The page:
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More Russians than ever think their country is going in the right direction, thanks to Putin

Vladimir Putin smiles while chairing a meeting in Moscow.
Reuters/Alexander Zemlianichenko
Sitting comfortably.
By Jason Karaian
Published Last updated This article is more than 2 years old.

As the fighting in eastern Ukraine intensifies, some 20,000 Russian troops have massed on Ukraine’s border, according to NATO. The risk of an open confrontation between Ukrainian and Russian troops is rising rapidly, Poland’s prime minister warned today.

The economic war between Russia and the West is also escalating, with new sanctions seemingly announced daily—from the West banning arms exports to Russia, to Russia blocking agricultural imports from the West. Both sides claim that the measures will hurt the other more, but Russia’s economy was already in pretty bad shape before the latest round of sanctions. The country’s central bank has warned that trade restrictions will boost Russia’s already high inflation rate, making its stubborn stagflation problem even worse.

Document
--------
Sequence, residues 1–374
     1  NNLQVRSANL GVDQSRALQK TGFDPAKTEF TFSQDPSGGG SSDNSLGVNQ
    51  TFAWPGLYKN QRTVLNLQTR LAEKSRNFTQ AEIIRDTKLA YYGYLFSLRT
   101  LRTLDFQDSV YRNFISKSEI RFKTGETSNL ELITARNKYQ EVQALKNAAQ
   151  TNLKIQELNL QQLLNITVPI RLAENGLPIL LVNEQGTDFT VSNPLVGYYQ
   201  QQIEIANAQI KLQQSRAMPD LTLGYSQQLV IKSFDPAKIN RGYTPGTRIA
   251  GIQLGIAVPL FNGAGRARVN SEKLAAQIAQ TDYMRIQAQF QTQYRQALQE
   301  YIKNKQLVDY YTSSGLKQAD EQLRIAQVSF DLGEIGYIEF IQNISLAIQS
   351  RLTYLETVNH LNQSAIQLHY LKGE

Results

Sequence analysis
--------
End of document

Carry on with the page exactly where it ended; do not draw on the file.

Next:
But the latest opinion polls out today in Russia suggest that the public isn’t all that worried. In fact, a record share of Russians, 66%, think that their country is going in the right direction, according to the Levada Center, a pollster (link in Russian):


President Vladimir Putin’s approval rating, however, isn’t as high as it has been in the past. This won’t bother him, though—at a lofty 87% in August, his popularity is a mere percentage point off of its all-time high. His rapid climb in popularity throughout the crisis in Ukraine suggests that this is another record that will soon be broken.


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